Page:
The very sight made him seethe within. Stefan's youngest, Andresj', sat in a corner of the room at the smallest of the tables. Yet it was as though the young man held court from a throne. The servants, particularly the young female servants, fell over themselves to do his bidding.
One young woman almost reverently placed a tray of freshly sliced cheeses before Andresj'. Her gaze followed his hand as ‘Dre lifted a small piece to his mouth and tasted it. Julian watched as his young cousin flashed an easy smile that caused the young serving girl to duck her head and blush madly. She was, Julian thought, nearly a perfect example of what the prose writers meant when they declared someone ‘besotted'.
It was sickening.
The slightest ripple of whispers caught his attention. Turning his gaze to the door, Julian saw something that made him straighten up with interest. There in the doorway, looking as regal and cool as ever, was the acknowledged matriarch of the Cassadine family, Helena Cassadine.
Like radar, her attention turned to the corner where her young grandson sat. Obviously, he too had heard the hushed whispers, for he rose from his seat and began to make his way to the doorway where she stood. Gone was the casual grace Julian had come to associate with young Andresj'. Now he moved with the stiff formality of a courtier. For Julian, it was a pleasant thing to behold. Such behavior was most fitting for a Cassadine male. Perhaps Stefan had not been as derelict in his teachings as Julian thought.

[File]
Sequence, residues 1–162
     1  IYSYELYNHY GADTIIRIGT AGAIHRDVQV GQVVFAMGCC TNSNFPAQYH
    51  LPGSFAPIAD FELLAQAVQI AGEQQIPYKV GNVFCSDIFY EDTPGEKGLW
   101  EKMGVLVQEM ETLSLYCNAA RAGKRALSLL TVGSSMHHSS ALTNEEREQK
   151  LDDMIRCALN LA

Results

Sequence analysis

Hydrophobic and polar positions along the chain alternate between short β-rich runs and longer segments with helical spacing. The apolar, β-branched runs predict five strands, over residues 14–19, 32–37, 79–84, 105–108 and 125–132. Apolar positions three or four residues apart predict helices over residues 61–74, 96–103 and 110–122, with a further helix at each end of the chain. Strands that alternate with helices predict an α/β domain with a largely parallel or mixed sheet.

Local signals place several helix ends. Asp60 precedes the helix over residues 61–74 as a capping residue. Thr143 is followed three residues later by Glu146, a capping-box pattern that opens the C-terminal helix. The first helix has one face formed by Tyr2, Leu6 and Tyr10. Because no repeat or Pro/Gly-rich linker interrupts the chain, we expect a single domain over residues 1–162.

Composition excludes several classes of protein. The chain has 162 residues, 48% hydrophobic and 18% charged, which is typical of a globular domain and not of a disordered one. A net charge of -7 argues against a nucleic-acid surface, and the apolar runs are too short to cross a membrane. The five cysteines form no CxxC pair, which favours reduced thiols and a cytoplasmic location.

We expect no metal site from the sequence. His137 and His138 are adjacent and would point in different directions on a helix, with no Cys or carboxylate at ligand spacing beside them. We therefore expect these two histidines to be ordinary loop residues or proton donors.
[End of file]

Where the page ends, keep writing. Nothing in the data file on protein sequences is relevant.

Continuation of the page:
As Andresj' crossed the room under the watchful eyes of the various family members assembled, Julian was forced to admit that the young man seemed impervious to their curiosity. His gaze was riveted to Helena, who stared fixedly back at him. It was as though his actions were in question and she alone stood in judgment.
Without a single glance at the man who stood at Helena's side, Andresj' moved beside her and extended his arm. Gracefully, Helena placed her fingers atop his bent arm. Diamonds and precious gems of major proportions sparkled madly as sunlight bounced off the rings adorning her fingers.
There was no denying where everyone's attention was focused. Julian glanced quickly around the massive room to see all eyes fixed upon Helena and Andresj' as they made their way to the table directly in the center of the room. Like the royalty she gave every impression of being, Helena allowed her young grandson to seat her before motioning to him. Obediently, Andresj' bent gallantly at the waist and kissed the cheek she presented to him.